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China offers Indonesia submarines with German engines to avoid Thai issues.

According to information published by the Matichon on July 4, 2024, China has proposed the sale of S26T diesel-electric submarines to Indonesia, featuring German engines to address previous issues encountered by Thailand.
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A model of the S26T submarine at Defense & Security in Bangkok. (Picture source: Navy Recognition)

The offer was made by officials from the China State Shipbuilding Corporation (CSSC) during a visit to Jakarta on June 28, as reported by Janes.

The S26T submarines, identical to those ordered by Thailand, come with customization options to meet the specific needs of the Indonesian Navy. Despite the submarines being partially constructed, CSSC assured the Indonesian Ministry of Defense that these submarines would not face the same export restrictions experienced by Thailand.

CSSC highlighted that the S26T submarines could be equipped with German MTU engines, enhancing their appeal. The proposal also includes a package allowing the submarines to be armed with the Chinese-manufactured YJ-18 anti-ship missiles.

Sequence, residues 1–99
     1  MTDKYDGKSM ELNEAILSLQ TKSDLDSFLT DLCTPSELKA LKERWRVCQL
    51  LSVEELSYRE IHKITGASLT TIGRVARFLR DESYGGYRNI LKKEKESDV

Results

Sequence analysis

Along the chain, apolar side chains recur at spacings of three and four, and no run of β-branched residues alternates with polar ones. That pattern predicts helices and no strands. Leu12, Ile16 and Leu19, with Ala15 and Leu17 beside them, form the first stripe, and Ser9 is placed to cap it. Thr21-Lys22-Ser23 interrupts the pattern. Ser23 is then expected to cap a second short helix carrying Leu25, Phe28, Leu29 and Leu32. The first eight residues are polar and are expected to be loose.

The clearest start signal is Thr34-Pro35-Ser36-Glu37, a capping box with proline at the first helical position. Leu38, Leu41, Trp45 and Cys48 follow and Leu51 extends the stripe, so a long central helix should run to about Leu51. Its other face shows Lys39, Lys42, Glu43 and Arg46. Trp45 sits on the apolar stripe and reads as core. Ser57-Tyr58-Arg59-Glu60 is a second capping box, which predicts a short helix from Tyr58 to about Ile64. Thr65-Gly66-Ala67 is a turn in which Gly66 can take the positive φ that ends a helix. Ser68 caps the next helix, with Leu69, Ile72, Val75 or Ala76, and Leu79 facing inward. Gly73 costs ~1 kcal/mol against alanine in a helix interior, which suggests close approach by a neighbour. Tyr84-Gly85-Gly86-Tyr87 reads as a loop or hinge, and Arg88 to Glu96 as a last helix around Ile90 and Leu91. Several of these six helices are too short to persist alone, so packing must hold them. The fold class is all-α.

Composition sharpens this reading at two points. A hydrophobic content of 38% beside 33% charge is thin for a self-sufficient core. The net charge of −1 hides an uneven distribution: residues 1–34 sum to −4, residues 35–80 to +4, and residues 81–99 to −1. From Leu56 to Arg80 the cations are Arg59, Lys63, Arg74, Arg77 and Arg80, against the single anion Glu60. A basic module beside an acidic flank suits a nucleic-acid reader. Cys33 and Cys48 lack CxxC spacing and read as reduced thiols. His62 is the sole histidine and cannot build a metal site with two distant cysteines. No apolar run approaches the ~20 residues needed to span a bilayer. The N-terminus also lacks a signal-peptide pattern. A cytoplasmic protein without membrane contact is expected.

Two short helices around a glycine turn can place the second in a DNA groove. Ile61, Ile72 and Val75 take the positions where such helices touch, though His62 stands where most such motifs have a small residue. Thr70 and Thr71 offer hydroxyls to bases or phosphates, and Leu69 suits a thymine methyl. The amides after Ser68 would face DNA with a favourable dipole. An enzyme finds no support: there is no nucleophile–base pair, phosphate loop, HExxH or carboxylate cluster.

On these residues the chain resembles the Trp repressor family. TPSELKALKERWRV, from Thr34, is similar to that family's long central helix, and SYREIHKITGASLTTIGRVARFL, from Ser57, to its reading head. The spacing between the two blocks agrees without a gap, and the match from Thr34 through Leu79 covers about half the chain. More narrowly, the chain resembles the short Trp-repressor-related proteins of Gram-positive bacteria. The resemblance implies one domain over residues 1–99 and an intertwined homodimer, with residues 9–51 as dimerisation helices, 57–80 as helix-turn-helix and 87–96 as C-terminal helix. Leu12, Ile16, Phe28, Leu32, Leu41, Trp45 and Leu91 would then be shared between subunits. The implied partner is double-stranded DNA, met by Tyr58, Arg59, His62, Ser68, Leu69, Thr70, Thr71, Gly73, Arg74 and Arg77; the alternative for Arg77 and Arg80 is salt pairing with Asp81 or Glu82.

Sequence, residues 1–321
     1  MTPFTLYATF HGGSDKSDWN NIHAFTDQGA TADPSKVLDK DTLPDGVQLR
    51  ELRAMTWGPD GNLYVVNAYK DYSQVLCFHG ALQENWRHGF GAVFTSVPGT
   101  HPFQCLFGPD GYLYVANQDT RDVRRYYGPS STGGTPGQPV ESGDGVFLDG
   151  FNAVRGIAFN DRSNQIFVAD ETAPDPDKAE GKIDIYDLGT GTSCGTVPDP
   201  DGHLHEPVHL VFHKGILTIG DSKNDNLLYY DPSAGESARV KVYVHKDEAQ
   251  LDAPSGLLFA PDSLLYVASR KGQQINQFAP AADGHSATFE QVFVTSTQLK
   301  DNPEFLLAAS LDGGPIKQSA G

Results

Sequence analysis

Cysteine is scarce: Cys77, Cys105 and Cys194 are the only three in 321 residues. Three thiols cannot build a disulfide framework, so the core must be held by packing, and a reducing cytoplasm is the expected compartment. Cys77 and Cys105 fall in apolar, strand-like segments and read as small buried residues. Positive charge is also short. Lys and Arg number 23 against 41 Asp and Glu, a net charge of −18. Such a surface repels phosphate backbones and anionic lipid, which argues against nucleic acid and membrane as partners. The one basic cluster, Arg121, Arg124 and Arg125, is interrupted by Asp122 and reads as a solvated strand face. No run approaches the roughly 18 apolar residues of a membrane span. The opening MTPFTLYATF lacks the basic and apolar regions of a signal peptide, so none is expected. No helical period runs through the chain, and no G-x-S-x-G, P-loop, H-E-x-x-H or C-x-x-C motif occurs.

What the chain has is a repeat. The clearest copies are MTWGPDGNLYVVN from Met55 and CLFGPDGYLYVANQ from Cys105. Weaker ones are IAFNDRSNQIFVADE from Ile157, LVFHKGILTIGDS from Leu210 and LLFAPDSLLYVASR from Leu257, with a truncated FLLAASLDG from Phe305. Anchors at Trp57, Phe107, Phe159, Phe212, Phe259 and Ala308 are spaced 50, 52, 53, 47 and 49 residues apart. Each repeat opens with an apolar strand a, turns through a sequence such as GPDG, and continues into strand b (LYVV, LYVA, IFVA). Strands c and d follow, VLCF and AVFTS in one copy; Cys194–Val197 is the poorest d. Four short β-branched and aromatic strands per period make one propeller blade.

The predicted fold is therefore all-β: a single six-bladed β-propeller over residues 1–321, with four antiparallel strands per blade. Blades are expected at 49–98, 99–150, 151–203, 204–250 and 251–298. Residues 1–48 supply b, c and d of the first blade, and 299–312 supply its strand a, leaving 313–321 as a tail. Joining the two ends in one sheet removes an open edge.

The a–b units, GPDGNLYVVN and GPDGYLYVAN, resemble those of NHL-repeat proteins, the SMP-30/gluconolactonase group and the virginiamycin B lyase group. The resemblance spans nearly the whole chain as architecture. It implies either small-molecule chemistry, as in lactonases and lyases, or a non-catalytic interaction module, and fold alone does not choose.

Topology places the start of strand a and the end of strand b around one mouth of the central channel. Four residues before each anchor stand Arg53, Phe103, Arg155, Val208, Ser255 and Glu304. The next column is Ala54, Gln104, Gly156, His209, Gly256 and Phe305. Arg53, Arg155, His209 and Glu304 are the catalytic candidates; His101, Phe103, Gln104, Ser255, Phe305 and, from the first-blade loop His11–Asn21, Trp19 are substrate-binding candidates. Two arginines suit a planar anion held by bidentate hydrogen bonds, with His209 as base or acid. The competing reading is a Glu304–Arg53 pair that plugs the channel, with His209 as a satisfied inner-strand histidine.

Most of the S26T's original features, as specified for the Chinese Navy, will remain intact. This includes the advanced air-independent propulsion system, which extends the submarine's operational capabilities.

Indonesian Navy submarine fleet

As of 2024, the Indonesian Navy (Tentara Nasional Indonesia Angkatan Laut or TNI-AL) operates a diverse submarine fleet that includes both older and more modern vessels aimed at enhancing the country’s maritime defense capabilities.

The backbone of the current fleet comprises the Nagapasa-class submarines, which are based on the South Korean Chang Bogo-class design, itself derived from the German Type 209 submarines. These diesel-electric attack submarines are designed for various missions such as anti-surface and anti-submarine warfare, reconnaissance, and special operations. The class includes KRI Nagapasa, KRI Ardadedali, and KRI Alugoro.

In addition to the Nagapasa-class, the fleet also includes the older Cakra-class submarines. These are German-built Type 209/1300 submarines that have been in service since the early 1980s. Notably, KRI Nanggala tragically sank in 2021 during a training exercise, impacting the operational capacity of this class.

Looking towards the future, Indonesia is actively expanding its submarine fleet. In March 2024, the Indonesian government signed a contract with France’s Naval Group and Indonesia’s state-owned shipbuilder PT PAL for the construction of two Scorpène-class submarines.

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